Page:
Marine reservist pleads guilty to leaking intelligence documents
A Marine gunnery sergeant pleaded guilty Thursday to leaking secret intelligence information to a Los Angeles County Sheriff’s Department detective for use by an anti-terrorism task force.
Eric. L. Froboese, an intelligence specialist, admitted giving documents to Marine Col. Larry Richards in 2003 and 2004 even though he knew Richards did not have the “need-to-know” clearance to get them.
In his job as a sheriff’s detective, Richards, a Marine reservist, was a co-founder of the Los Angeles Terrorism Early Warning Group. Froboese, also a reservist, is a sheet-metal worker in civilian life.
Froboese could face 10 years in prison and a dishonorable discharge. Under a plea agreement with military prosecutors, his sentencing could be delayed up to a year while he provides information against other Marines in the case, including Richards.
Military officials have not disclosed whether Richards, who is on paid leave from the Sheriff’s Department, will be recalled to active duty and charged.
Froboese admitted giving information to Richards while being stationed at Camp Pendleton and while in Kuwait and Iraq. Much of the time, Richards was not on active duty with the Marines and was working instead with the anti-terrorism group, which is based in Norwalk.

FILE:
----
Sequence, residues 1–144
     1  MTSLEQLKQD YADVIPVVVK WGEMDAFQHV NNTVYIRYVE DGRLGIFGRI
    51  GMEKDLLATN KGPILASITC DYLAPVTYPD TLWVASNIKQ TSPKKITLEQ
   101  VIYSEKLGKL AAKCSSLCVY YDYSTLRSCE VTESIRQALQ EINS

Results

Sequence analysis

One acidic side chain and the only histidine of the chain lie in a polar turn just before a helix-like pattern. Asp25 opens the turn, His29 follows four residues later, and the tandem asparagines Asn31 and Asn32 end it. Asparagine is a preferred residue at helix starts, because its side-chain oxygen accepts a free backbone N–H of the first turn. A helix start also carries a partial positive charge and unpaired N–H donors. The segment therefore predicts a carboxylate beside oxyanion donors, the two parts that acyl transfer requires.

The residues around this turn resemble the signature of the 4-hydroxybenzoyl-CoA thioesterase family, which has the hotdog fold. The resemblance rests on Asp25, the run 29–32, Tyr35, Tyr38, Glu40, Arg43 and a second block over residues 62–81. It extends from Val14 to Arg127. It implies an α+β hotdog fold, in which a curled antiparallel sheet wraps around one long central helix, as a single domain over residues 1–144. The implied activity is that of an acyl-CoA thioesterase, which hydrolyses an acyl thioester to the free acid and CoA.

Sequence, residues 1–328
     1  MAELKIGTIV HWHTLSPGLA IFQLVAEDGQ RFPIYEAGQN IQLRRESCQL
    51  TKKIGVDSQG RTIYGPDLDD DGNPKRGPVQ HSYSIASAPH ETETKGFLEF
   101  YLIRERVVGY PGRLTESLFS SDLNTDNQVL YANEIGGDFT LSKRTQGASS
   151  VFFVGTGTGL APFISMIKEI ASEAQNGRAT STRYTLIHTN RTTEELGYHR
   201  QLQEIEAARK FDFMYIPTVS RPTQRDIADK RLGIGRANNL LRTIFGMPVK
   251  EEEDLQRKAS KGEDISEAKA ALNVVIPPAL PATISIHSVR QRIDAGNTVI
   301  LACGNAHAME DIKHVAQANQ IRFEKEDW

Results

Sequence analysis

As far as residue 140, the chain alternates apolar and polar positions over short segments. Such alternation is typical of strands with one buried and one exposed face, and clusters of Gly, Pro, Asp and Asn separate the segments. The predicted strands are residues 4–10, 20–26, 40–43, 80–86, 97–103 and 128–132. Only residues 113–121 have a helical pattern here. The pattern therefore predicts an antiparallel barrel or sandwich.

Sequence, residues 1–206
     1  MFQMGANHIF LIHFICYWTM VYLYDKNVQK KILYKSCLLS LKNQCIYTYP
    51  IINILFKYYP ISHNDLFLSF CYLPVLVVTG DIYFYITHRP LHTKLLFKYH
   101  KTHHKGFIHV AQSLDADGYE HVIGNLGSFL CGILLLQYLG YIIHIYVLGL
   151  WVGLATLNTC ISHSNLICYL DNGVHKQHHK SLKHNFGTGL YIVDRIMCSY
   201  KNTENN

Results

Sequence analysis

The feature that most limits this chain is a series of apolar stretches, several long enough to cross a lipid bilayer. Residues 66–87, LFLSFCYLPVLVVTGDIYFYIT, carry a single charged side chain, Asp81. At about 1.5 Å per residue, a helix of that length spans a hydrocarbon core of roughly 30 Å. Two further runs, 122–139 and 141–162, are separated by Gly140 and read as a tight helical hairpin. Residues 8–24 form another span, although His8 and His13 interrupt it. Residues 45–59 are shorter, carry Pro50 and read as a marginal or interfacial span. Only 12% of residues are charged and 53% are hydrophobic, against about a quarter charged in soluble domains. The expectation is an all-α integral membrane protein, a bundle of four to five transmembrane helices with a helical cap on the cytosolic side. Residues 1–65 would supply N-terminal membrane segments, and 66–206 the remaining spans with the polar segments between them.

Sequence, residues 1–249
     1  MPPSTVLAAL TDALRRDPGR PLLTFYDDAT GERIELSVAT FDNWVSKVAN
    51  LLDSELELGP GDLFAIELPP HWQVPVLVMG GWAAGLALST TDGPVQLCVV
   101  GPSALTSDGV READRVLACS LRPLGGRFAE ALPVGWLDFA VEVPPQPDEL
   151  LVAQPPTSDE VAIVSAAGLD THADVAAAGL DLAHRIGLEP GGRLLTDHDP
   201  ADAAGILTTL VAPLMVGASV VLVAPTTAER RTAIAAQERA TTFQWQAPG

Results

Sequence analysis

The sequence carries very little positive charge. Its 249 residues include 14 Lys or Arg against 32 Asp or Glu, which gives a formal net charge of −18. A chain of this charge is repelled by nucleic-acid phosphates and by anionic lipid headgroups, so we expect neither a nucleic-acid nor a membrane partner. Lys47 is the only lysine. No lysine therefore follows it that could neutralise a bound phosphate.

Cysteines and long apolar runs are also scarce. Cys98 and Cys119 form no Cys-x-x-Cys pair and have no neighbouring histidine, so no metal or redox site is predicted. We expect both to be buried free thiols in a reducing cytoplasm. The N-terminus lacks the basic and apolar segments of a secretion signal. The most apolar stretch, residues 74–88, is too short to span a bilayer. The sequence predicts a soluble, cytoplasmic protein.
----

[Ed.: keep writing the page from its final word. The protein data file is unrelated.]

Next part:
During a three-hour court-martial hearing at Camp Pendleton, the prosecution, defense and the judge, Lt. Col. Peter Rubin, did not disclose what information was contained in the documents. The only agency mentioned as having had information leaked to Richards was the Central Intelligence Agency.
Rubin issued a gag order to all sides.
The American Civil Liberties Union has filed a Freedom of Information Act request to determine if the intelligence included spying on civilians, particularly Southern California Muslims and their mosques. Formed in 1996, the Terrorism Early Warning Group was meant to bring together intelligence analysts from local, state and federal agencies. It remains unclear why the group, even after the Sept. 11, 2001, terrorist attacks, apparently did not have access to intelligence collected by other agencies.
Froboese answered Rubin’s questions in a clear, unwavering voice. Rubin read portions of the plea agreement, which reporters were not allowed to see.
In the agreement, Froboese said he gave the documents to Richards for “law enforcement purposes to fight terrorism.” In exchange for pleading guilty to charges from 2003 to mid-2004, prosecutors dropped charges from mid-2004 through 2006.